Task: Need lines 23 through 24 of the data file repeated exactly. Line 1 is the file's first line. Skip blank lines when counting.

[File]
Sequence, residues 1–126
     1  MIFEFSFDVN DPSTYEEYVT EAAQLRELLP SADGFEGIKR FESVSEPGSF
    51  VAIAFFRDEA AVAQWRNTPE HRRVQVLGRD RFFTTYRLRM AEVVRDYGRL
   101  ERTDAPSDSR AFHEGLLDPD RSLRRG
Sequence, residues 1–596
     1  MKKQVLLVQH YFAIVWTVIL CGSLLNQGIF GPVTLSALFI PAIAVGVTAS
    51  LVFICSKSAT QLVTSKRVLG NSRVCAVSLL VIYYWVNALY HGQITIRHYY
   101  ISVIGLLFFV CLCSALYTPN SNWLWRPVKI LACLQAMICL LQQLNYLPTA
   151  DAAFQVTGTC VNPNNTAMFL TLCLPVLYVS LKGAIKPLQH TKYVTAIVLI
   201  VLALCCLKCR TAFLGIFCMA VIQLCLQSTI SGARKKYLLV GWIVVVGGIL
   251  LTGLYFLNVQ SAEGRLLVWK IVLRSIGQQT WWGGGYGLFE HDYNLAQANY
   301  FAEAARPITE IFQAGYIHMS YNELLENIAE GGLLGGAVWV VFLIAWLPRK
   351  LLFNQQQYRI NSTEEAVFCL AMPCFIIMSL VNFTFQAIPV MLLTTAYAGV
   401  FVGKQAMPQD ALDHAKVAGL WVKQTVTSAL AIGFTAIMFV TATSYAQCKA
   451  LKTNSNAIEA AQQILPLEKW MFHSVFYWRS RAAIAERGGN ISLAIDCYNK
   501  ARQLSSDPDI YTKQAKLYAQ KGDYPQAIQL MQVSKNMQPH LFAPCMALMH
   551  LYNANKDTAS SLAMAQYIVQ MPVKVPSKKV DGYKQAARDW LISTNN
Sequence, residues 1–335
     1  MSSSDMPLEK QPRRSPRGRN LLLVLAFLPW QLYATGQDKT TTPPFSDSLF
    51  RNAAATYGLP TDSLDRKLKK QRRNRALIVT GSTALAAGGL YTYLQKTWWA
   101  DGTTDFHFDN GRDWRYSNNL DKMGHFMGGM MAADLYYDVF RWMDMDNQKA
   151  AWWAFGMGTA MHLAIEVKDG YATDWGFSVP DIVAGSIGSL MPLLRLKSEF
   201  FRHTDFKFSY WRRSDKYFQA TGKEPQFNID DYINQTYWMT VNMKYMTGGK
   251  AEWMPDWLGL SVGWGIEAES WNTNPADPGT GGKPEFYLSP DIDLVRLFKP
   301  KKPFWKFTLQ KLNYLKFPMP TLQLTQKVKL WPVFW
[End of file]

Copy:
   201  FRHTDFKFSY WRRSDKYFQA TGKEPQFNID DYINQTYWMT VNMKYMTGGK
   251  AEWMPDWLGL SVGWGIEAES WNTNPADPGT GGKPEFYLSP DIDLVRLFKP